STDs Real Stories

STDs: Real Stories

Real stories are personal stories shared by members of the DIYHealth community. These are stories of hope and triumph over a medical condition, inspiring us to stay the course.

Top Real Stories

1. Precaution is better than cure

I am a 24 year old woman working as a telecommunications interpreter. Back in high school, I used to have random sexual encounters with friends of my ex-boyfriend. It was big turn on for me. But I ended up going further than I normally would with this one guy and then pink eye appeared. I suspected it as a sign of an STD.


I went to a hospital and got myself tested for STDs and HIV. I was ultimately told I was clean but I had been so scared that now I’m more careful than ever. It’s not possible for me to become celibate, but we can all get to know someone better before having sex and practicing safe sex.

2. A scary journey

I’m a 17 year old female and I never thought that I could be diagnosed with an STD. Even though I’ve been sexually active since the age of 15, I’ve only had two partners, and only one at a time. But, unfortunately, I’m already infected with herpes and gonorrhea. Thank God that gonorrhea is treatable with antibiotics.


It started out with me suffering from cold sores and genital sores frequently for about a year. I didn’t take the cold sores seriously. But the genital sores were quite bothering. So, I tried looking it up on the internet. I went through many articles and found that my symptoms matched with herpes. I was scared and had none but my sister to disclose this matter with. She suggested that I should get a pap smear.


I didn’t know how to tell my boyfriend about this. He kept nagging me for sex but I could not tell why it wasn’t possible at that time. I got myself diagnosed. My doctor told me that I had gonorrhea and herpes. I was prescribed to take eight pills at one time. It upset my stomach. I was so ashamed, I felt like killing myself. But eventually I did the right thing and suggested my boyfriend to get tested as well. His results were negative.


It has been hard for the both of us. But we’ve learned to live with it. One positive thing about all this is that it has raised my consciousness about STDs and HIV. Now I get myself checked frequently.

3. Deal positively

I’m a 21 year old woman. I was diagnosed with HPV during my senior high school year. I had gone for my yearly gynecological test. My doctor said that I had symptoms of genital warts. I was freaked out. She (my doctor) suggested to get further tests done. She had found evidence that my cervical cells were altered and they were more pre-cancerous.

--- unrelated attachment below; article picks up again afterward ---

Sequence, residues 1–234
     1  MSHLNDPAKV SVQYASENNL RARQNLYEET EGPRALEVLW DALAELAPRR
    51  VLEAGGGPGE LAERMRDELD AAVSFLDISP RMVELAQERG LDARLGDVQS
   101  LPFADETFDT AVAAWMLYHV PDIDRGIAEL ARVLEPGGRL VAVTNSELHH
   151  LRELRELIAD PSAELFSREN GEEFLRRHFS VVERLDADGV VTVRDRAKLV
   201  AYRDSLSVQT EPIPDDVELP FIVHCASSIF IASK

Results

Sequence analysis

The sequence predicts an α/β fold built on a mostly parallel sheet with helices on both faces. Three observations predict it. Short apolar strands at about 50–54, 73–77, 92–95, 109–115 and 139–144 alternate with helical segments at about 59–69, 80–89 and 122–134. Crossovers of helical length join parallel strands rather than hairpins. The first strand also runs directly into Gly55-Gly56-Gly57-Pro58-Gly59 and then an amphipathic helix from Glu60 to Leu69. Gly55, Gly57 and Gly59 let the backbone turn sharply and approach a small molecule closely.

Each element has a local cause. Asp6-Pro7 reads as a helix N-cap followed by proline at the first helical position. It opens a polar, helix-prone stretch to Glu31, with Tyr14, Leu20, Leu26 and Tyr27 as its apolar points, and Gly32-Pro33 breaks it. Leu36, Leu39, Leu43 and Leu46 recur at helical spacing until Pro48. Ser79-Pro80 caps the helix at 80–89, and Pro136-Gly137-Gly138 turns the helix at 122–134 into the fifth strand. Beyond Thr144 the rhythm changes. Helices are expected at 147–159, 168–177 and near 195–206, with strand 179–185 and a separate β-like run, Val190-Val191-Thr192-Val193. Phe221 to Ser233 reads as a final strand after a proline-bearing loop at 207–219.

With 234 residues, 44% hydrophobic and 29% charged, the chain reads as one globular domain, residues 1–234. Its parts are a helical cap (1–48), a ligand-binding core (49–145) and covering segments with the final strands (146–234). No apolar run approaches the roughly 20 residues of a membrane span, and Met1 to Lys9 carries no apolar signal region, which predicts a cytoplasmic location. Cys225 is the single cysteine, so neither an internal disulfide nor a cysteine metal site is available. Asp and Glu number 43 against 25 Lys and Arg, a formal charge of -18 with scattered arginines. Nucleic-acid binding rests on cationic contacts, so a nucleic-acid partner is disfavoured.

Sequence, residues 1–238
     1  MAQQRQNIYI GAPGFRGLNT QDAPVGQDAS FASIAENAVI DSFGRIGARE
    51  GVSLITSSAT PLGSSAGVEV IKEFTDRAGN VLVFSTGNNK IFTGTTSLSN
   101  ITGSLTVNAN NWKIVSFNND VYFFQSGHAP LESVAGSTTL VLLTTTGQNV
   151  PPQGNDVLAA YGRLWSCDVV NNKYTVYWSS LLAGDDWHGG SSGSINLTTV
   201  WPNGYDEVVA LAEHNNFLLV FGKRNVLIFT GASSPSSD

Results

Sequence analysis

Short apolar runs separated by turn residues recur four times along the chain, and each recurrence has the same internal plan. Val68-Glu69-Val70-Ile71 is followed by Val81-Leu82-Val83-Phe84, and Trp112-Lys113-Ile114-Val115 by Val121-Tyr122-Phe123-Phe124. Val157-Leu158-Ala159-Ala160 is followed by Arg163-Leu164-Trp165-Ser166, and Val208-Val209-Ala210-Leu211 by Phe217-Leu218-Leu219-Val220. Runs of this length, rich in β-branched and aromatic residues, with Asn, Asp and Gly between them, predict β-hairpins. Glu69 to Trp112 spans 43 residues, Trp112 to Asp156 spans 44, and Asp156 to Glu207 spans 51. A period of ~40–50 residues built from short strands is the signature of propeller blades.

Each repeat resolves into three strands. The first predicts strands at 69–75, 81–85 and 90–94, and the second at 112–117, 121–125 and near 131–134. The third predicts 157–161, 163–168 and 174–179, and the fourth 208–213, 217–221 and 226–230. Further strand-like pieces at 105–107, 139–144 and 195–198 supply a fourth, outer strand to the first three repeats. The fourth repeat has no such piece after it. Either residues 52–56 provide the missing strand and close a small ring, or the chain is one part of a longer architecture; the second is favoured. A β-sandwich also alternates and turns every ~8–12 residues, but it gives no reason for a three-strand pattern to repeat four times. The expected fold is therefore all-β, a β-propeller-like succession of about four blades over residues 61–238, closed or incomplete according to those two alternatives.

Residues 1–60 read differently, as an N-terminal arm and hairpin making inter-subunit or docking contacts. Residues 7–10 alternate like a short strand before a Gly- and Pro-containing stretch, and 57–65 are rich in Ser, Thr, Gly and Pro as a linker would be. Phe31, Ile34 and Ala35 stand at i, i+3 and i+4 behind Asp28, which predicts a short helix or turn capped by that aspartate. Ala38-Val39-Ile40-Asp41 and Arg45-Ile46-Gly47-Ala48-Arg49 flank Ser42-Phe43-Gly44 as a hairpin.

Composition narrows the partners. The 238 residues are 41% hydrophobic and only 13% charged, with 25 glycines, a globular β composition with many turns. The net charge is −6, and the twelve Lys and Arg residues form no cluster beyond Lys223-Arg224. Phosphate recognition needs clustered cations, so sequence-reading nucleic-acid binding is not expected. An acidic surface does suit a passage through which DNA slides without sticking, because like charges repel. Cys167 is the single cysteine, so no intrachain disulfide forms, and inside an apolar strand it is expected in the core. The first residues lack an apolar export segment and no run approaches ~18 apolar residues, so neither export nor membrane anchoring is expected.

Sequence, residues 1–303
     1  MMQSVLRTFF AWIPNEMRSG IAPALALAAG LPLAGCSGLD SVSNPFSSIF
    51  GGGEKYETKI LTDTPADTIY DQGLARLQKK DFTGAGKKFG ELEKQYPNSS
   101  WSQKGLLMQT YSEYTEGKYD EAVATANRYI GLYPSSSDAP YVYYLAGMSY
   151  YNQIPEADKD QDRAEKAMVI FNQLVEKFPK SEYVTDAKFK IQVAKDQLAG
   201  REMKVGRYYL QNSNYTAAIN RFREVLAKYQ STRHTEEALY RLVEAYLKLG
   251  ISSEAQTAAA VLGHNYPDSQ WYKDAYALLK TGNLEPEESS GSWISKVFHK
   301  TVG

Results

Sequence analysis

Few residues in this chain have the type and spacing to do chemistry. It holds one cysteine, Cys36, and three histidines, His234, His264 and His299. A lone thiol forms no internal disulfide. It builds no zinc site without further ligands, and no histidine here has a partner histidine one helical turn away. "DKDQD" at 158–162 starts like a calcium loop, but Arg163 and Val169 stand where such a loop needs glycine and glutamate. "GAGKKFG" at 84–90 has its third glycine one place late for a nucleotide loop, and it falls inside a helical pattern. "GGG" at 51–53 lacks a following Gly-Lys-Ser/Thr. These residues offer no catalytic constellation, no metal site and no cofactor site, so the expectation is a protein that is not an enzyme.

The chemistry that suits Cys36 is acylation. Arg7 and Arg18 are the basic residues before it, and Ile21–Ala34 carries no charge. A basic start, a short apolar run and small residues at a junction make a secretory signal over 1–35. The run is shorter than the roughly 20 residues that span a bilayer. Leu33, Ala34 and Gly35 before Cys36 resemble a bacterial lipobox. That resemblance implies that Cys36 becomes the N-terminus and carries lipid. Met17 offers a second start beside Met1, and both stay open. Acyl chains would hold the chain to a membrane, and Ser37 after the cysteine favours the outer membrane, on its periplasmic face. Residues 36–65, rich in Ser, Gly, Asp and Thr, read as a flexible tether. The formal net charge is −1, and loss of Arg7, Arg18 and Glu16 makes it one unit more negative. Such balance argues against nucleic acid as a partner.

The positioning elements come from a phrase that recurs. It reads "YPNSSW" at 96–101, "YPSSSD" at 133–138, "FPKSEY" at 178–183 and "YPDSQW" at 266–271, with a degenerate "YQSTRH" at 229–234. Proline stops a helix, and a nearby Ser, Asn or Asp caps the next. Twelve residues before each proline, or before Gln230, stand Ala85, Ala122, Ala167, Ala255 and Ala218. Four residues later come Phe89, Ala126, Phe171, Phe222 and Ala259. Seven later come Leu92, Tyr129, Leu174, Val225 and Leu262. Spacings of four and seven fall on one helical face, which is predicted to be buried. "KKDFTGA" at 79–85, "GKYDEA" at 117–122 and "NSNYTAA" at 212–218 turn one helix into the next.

I’m quite healthy now and there’s no more sign of the infection, thanks to the HPV vaccine. This vaccine provides four strain immunity from the virus. I found the entire experience shameful. As it is with STDs, they are very different from other medical problems. But at the same time I felt like I had only myself to blame. I had not always made the best choices. Lucky for me, I found support through my boyfriend, my close friends and the women’s health department.

4. A true friend's advise

I’m a 29 year old bisexual man from L.A. I work as a screenwriter. I was diagnosed with gonorrhea and chlamydia a few years back, in 2007-2008. I think both of them were a result of performing unprotected oral sex with a man. This man was a stranger and we met online. Then we arranged a casual sex date.


The symptoms began to show from 2 weeks on. I felt like urinating very frequently but did not have any discharge. I remember asking a close friend of mine who had suffered from chlamydia in the past. I asked him to educate me about what symptoms to look for. He told me that since chlamydia is silent in many cases and has no symptoms, I should get tested.


I got myself diagnosed and started taking the antibiotics. This experience made me more vigilant and now I’m more careful about having casual sex. I was definitely relieved that my ailment wasn’t too fatal and was taken care with antibiotics. I’m thankful to my friend for advising me to get tested.

5. It was hard to manage

I’m a 17 year old female and a high school junior. I have taken part in my school’s HPV study activity since freshman year. The study required me to get a blood test and I tested positive for chlamydia. Even though the results were confirmed as a false positive, but the waiting period was filled with excruciating mental frustration and stress. I knew whatever it was, it wasn’t my fault. I was so embarrassed; I didn’t have the courage to talk to anyone. I was afraid they might respond in a harsh manner. I grew increasingly nervous. There was also an inner conflict inside me about telling my boyfriend. I felt it morally right to tell him, but I didn’t know what and how to say it. I tried to avoid him without telling him what had gone wrong. He was confused and he tried to talk to me many times. The experience made me more aware about STDs.

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